Bye bye, ice cream and milk tea? Lactose intolerance gets worse with age – here's why
In this series on digestive health, CNA Lifestyle finds out if you can get your body to accept dairy products again – and what to avoid other than milk, cheese and ice cream.
Eating is one of the greatest pleasures in life, and you might feel like your body has let you down when your digestive system starts to turn in a less-than-stellar performance as you age. What’s up with your body? Here, we look at your increasing intolerance for dairy products.
WHAT’S HAPPENING IN MY GUT?
Since over 90 per cent of East Asians have lactose intolerance, according to the US National Institutes of Health, you’ve probably felt its effects.
After a bubble milk tea or a slice of the recent dessert trend, the basque burnt cheesecake, you might feel bloated, gassy, nauseous, diarrhoeal, pain in the abdomen and/or even heard rumblings from the abdomen, said Dr Alex Soh, a consultant with National University Hospital’s Division of Gastroenterology and Hepatology.
Those uncomfortable – and sometimes, embarrassing – symptoms are caused by lactose, a sugar found in dairy products such as milk, butter, cream and cheese.
Many Asians lack lactase, an enzyme found in the small intestine, which Dr Soh said, is needed to break down lactose into simple sugars.
What happens instead, is that the undigested lactose “rapidly transits through our intestines and gets fermented by gut bacteria, leading to the symptoms of lactose intolerance”.
“These symptoms often occur about 30 minutes to a few hours after consuming the lactose-containing food or beverage,” said Dr Soh. “Its severity depends on how much lactose is consumed – higher amounts of lactose could result in more symptoms.”
Dr Soh highlighted that lactose intolerance is unlike irritable bowel syndrome (IBS), a functional gastrointestinal disorder. However, IBS patients may have a lower threshold for lactose.
WHY IS IT ONLY HAPPENING NOW THAT I’M OLDER?
You might not have too much of a problem after a latte in the past. But as you age, your digestive system starts to produce less lactase and that’s when the problem worsens. “Lactase activity is highest in newborns and is genetically programmed to decline in our early years for the majority of people worldwide,” said Dr Soh.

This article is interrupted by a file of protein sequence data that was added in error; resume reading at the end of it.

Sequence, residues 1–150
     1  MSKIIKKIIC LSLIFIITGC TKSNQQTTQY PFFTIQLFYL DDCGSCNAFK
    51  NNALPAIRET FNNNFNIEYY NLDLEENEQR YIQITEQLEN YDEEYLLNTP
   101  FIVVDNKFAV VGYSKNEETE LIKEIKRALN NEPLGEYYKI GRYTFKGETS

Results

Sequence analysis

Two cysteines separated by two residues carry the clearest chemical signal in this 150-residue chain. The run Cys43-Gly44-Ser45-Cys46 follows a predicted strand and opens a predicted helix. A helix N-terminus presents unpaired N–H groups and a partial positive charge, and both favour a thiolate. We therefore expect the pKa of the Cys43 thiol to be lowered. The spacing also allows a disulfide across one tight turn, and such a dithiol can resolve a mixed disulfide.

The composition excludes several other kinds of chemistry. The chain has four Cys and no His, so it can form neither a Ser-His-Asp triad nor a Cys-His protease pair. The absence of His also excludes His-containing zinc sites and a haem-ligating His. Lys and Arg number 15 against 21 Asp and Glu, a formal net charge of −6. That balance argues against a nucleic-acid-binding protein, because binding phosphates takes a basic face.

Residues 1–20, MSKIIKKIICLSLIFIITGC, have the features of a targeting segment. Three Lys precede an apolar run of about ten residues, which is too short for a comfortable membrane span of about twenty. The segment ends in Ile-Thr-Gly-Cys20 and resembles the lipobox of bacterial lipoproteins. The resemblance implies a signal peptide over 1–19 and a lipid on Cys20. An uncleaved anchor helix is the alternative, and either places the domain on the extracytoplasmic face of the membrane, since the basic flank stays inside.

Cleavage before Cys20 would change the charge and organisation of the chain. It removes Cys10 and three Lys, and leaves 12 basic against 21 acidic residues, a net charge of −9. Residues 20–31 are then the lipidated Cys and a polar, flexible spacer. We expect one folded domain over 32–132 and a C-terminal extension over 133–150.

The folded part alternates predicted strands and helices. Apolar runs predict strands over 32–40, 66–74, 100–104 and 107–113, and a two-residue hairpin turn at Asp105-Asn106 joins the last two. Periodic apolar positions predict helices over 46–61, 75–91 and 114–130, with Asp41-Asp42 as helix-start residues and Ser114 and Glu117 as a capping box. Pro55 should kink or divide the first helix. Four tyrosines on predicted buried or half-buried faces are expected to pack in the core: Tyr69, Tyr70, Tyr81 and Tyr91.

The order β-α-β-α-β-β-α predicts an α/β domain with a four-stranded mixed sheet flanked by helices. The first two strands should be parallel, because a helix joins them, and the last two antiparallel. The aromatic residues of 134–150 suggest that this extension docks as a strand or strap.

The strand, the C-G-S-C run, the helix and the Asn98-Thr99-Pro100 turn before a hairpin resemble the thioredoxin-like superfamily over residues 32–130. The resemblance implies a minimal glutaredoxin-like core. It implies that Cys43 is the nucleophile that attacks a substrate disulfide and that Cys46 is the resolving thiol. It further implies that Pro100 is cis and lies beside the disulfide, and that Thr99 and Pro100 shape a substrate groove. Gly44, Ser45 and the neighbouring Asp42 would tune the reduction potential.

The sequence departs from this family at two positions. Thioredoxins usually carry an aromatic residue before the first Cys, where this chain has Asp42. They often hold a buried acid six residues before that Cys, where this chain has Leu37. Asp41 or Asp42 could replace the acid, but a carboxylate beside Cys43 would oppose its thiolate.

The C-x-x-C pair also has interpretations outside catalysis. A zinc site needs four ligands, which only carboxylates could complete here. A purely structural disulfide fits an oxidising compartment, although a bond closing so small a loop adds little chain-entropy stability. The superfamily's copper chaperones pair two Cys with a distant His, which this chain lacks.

Aside from age and genetics, he said that there are conditions that affect your small intestine – such as intestinal infections, bacterial overgrowth, surgery, and inflammatory conditions, including celiac disease and inflammatory bowel disease – that alter the intestine’s ability to handle lactose.
WHAT’S THE SOLUTION?
A 2000 study by Purdue University’s School of Consumer and Family Sciences found that the controlled consumption of dairy foods may help you to recondition your digestive system to accept milk and such without discomfort.
"If you only consume dairy products once in a while, you are more likely to have symptoms from them," said Professor Dennis Savaiano, the school’s dean. "Also, if you consume them by themselves, as opposed to as part of a meal, they tend to be transported throughout the intestine more rapidly and are more likely to cause symptoms."
Start by drinking one-quarter to one-half cup of milk with meals two or three times a day, and slowly increase the quantity, he said. “By altering the diet over time, bacteria more effectively digest lactose, making milk very well tolerated."
If you’re not keen to break wind more often than usual, limiting your intake of cheese and yoghurt will certainly help to lessen the symptoms, said Dr Soh. But other than these usual food culprits, lactose can also be found in foods such as salad dressings, biscuits, cakes, cereals and pancake mixes.
To spot lactose in processed foods, look for ingredients such as whey, caseinates, casein, nougat, cheese, milk byproducts, dry milk solids, dry milk powder, butter, curd, and nonfat dry milk on the packaging. Lactose powder, for instance, is a common food additive found in some foods and condiments, said Dr Soh.
Lactose is even used as the base for over-the-counter medicines such as some tablets for stomach acid and gas, according to MedicineNet. The good thing is, such medicines contain small amounts of lactose and typically affect only those with severe lactose intolerance.
However, a strict, non-lactose diet may not be required, said Dr Soh. “People with lactose intolerance are often able to tolerate varying amounts of lactose (up to 12g of lactose) without symptoms, and the tolerance threshold can be increased when lactose is consumed with food.”
You could try supplementing with a lactase enzyme to improve lactose digestion and symptoms, suggested Dr Soh.